As a series, Monster Hunter has a lot to offer: challenging, punishing combat; fantastical, yet somewhat biologically justified creatures; and a massive selection of armour and weapons to be crafted from their body parts. Despite the games never veering far from these core elements since the first title in 2004, continuous adjustments and mechanical additions, such as Rise’s high-flying Wirebugs, have kept the series from ever feeling dated. However, one aspect of the series that often goes underappreciated is its character creator.

I’ve always loved character creators in games. I’d be lying if I said that I haven’t spent literal hours in these menus, often delaying starting the game itself because I’m not yet completely happy with the character I’m going to inhabit for the adventure ahead. If I’m going to be looking at their back for ninety-five percent of my playtime, I want them to be perfect! While my appreciation of character creators is nothing new, it was only when I realised that I was non-binary that my time spent in them started to make sense. And though character creators are by no means a rare or novel inclusion in games at this point, especially role playing games, I think Monster Hunter Rise‘s creator is a cut above others I’ve experienced, particularly for those experiencing gender dysphoria.

When I say Rise allows you to be anyone, it’s not an exaggeration. The depth and variety of its character creator is absolutely massive—the usual options such as hair style and colour, skin colour and eye colour (with the option of heterochromia!) are all here, with RGB and saturation sliders for each rather than a pre-established, limited colour palette. Rise notably also allows you to modify incredibly granular details such as jaw shape, chin protrusion and nose bridge width. As a result, players have precise control over the exact appearance of their character. A few years ago, when I was essentially addicted to Monster Hunter World, I would use this freedom to create a character that looked as close to my real appearance as possible—I simply couldn’t think of what else to do with it. In the time since, as I’ve come more to terms with my self and my gender, I’ve approached this freedom in the complete opposite way.

A screenshot of the full selection of character customisation options in Monster Hunter Rise, Capcom, 2021.

Unlike most character creators—including those in previous Monster Hunter titles—which operate on a simple, gendered binary of “male” and “female” options, Rise instead provides two body types labelled “Type 01” and “Type 02” respectively. By itself, this is already fantastic for genderqueer players, as it removes any inherent gender from the body type they exist in. Monster Hunter Rise isn’t the first role playing game to remove gendered body types from its character creator—for example, Runescape designates the two body types as variations on “Appearance.” However, Runescape limits certain aesthetic options to each body type while Rise doesn’t limit any customisation options to either body type. Players are free to give their “Type 02” character a dark, thick beard and a large bust, or their “Type 01” character a high-pitched or traditionally feminine voice and a burly frame. This reinforces the separation of gender from appearance—your Hunter is not bound by the societal norms of gender, instead being free to present themselves however they wish. As a non-binary person, it should come as no surprise that this is a massive deal for me. While other character creators often funnel the player down either “macho man” or “sexy woman” presets—even those that offer extensive facial customisation—Rise allows true freedom to create the person you want to be. Thanks to this, I can live in a fantasy free from real-world barriers to self-expression, and watch my ideal self fight gargantuan beasts and interact with townspeople without judgment.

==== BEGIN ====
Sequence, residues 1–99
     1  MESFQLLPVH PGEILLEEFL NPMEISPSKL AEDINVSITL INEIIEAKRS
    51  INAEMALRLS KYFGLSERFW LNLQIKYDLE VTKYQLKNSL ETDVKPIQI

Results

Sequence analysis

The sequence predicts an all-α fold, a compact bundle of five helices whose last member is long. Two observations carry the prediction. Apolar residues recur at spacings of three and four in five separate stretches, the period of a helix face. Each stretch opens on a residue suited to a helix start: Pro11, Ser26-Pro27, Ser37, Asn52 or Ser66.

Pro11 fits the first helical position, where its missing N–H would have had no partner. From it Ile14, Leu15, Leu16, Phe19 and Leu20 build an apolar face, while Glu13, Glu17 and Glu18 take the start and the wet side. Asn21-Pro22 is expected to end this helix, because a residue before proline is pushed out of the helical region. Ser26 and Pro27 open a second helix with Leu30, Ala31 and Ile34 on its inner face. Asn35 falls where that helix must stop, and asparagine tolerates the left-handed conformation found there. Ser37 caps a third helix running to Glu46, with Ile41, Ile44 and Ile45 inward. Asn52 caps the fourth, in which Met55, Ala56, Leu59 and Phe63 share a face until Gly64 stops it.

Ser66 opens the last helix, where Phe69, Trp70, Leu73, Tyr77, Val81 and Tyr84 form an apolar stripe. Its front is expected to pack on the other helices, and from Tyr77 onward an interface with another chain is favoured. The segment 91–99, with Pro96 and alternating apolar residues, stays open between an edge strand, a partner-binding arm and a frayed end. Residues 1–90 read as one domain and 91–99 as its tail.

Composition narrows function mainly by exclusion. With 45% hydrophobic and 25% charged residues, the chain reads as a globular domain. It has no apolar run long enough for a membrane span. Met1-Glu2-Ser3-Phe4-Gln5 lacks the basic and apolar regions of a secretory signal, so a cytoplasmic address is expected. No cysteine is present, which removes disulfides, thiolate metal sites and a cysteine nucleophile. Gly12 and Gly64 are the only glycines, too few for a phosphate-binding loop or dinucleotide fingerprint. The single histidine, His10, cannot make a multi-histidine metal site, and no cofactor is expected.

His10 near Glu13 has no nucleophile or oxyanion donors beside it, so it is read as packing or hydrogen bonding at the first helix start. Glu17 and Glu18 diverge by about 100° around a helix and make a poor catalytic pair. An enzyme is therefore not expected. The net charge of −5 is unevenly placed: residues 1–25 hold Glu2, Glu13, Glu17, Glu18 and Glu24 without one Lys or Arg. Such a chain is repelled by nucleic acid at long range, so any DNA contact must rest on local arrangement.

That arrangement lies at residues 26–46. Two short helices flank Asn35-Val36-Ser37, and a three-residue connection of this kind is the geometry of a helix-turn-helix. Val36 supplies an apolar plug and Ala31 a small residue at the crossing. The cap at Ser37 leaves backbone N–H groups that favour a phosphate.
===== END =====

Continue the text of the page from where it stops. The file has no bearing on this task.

As a final trick up its sleeve, your Hunter is not a one and done creation. Even with the freedom the character creator offers, it’s still possible that you may change your mind later and wish for an entirely different appearance midway through your adventure. In many role playing games, this would require a fresh new file and loss of progress or items—an opportunity cost simply not worth it for games as grind-heavy as they are in this genre. Rise avoids this by allowing players to change the vast majority of their features, including face shape, hairstyle, eyes, makeup and voice, at any time through the “Your Appearance” menu. More sweeping changes like body type can be changed at any time using “Character Edit Vouchers”—two of these are provided for free, giving the player multiple opportunities to completely recreate their character, following their heart to create whichever kind of person they wish to at the time. However, any full-scale character resets can only be accessed by buying further vouchers as DLC, at $3 a piece. Accidental allegory for the expense of gender assignment surgery aside, this is my only gripe with Rise’s character creator—while it’s somewhat unsurprising considering Capcom’s recent history with add-on DLC, such as Street Fighter V‘s gargantuan amount of paid costumes and colours, it’s still disappointing to be given free rein to change your character in the creator, but then be forced to cough up a few bucks once you run out of tokens.

Despite its unfortunate monetisation practices, Rise’s character creator is still incredibly important to me, and was genuinely a major aspect in helping me to feel valid in my own identity. I am never going to look like any of my pretty, handsome Hunters, and I have accepted that. But I can, and will, enjoy the temporary gender euphoria I experience every time I start a hunt and see the person I could be swinging a sword twice the size of themself.